With the VPD having another one of their literacy events coming up on Tuesday, May 2nd, at Burton Elementary School, we got thinking about just what kind of an impact these types of events have on our community. In 2016, PAL delivered over 1,800 books to kids in 2nd thru 5th grade throughout Clark County. We are on track this year, to hand out even more books to our kids and here is why we are so excited by that prospect…
According to the US Dept. of Education, “61% of low-income families have no books at all in their homes for their children. While low-income children have, on average, four children’s books in their homes, a team of researchers concluded that nearly two-thirds of the low-income families they studied actually owned no books for their children.”* PAL and the officers we work with are helping to close this large gap and provide books for children to take home. Having books that are their own gives kids the idea that “I’m a reader,” it becomes a piece of their identity and they are more likely to pursue further literacy-building activities.
It is fascinating to see just how much of an impact having books in their home has on children. In fact, “the only behavior measure that correlates significantly with reading scores is the number of books in the home. An analysis of a national data set of nearly 100,000 United States school children found that access to printed materials—and not poverty—is the ‘critical variable affecting reading acquisition.’”* Often times “being of low-income” is thought to be the predicting behavioral variable on academic scores, so it is a huge eye-opener to see just how important access to print materials are regardless of this economic factor.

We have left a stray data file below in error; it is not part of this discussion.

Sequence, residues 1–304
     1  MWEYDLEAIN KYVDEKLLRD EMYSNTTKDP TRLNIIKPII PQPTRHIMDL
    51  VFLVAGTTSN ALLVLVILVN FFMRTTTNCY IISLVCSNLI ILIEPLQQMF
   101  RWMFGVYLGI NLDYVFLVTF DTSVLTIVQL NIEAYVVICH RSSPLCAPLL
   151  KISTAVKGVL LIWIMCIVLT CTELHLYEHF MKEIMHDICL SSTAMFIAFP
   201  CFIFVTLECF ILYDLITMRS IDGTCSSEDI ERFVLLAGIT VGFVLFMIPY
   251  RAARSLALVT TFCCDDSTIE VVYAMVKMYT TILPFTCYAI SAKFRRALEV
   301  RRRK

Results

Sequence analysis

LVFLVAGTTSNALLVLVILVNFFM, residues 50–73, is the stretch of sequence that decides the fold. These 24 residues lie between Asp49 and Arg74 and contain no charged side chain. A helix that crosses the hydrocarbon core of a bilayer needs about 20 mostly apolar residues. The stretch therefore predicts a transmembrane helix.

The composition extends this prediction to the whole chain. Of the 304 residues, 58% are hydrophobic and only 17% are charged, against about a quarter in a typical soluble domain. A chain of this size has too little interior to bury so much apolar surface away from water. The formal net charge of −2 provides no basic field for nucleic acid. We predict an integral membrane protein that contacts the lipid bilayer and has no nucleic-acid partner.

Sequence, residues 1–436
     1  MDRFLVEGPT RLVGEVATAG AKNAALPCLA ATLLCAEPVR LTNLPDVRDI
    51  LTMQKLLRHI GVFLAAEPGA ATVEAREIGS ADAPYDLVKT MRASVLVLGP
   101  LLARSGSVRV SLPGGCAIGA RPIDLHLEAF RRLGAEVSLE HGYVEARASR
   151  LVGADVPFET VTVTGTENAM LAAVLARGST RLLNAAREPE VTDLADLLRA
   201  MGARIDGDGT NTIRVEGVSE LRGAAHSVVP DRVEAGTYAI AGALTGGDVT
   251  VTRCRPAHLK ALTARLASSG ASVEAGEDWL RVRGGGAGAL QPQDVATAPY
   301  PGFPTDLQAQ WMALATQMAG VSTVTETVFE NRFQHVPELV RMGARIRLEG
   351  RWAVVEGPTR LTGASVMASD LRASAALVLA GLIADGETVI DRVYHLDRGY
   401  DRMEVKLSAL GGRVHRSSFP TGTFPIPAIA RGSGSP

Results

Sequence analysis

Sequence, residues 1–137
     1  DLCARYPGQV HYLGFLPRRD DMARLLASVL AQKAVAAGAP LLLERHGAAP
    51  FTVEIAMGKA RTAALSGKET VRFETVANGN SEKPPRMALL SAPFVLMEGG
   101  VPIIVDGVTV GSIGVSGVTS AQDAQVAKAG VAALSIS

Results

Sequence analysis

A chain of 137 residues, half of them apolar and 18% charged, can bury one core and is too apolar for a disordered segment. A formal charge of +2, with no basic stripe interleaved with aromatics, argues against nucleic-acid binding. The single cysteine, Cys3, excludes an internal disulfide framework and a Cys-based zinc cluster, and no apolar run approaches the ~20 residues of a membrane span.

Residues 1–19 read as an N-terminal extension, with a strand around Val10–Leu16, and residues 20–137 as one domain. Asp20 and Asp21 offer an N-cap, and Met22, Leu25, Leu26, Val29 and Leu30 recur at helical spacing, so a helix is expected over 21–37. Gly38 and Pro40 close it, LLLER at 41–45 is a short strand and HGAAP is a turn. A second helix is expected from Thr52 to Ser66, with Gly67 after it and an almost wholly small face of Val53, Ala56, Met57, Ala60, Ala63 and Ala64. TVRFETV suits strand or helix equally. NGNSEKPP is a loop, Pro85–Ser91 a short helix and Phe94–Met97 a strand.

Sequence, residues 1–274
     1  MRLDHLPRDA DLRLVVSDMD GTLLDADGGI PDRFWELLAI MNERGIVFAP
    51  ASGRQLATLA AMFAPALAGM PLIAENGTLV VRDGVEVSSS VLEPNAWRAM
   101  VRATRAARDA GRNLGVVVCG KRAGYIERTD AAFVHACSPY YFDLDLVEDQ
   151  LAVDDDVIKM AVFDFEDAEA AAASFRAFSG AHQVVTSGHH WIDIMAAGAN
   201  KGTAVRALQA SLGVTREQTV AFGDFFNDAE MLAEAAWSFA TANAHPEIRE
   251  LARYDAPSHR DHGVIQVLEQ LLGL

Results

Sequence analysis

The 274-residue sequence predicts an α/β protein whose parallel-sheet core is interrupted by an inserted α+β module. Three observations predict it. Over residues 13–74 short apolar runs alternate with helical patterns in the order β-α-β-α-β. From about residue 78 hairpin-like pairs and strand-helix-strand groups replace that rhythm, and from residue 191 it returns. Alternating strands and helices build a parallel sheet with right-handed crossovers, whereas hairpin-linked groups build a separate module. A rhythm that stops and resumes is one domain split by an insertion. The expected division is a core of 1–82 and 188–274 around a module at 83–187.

If you check our calendar, you’ll see that we have at least four more literacy events before the end of the school year here in Vancouver. There is a reason we try to amp-up our literacy programs before the start of summer. “Children who receive and read free books over the summer experience the equivalent of attending three years of summer school—and the difference in fall reading scores is twice as high…”* There is no denying that the power of reading at home has a huge impact on overall learning.
Most people know that PAL’s mission starts with something about “positive relationships between police officers and youth” but the rest of the mission statement is just as important “through community based educational programs and recreational opportunities.” Why did we choose those things? Because we want the best for all in our community, we don’t just want to maintain, we want to help this community thrive and grow. All of our programs are backed by evidence like that shown above. Our literacy program is built to help our kids achieve more than they think they can, give them a positive sense of identity as a learner, give them access to unlock who they can be and break down the barriers that may stand in their way.
If you would like further information on our literacy events, or would like to know how you can help make this program even better, contact our Executive Director, Jenny Thompson at 360-487-7487 or by email at firstname.lastname@example.org.
*Statistics and Quotes Provided by Scholastic at http://teacher.scholastic.com/products/face/pdf/research-compendium/access-to-books.pdf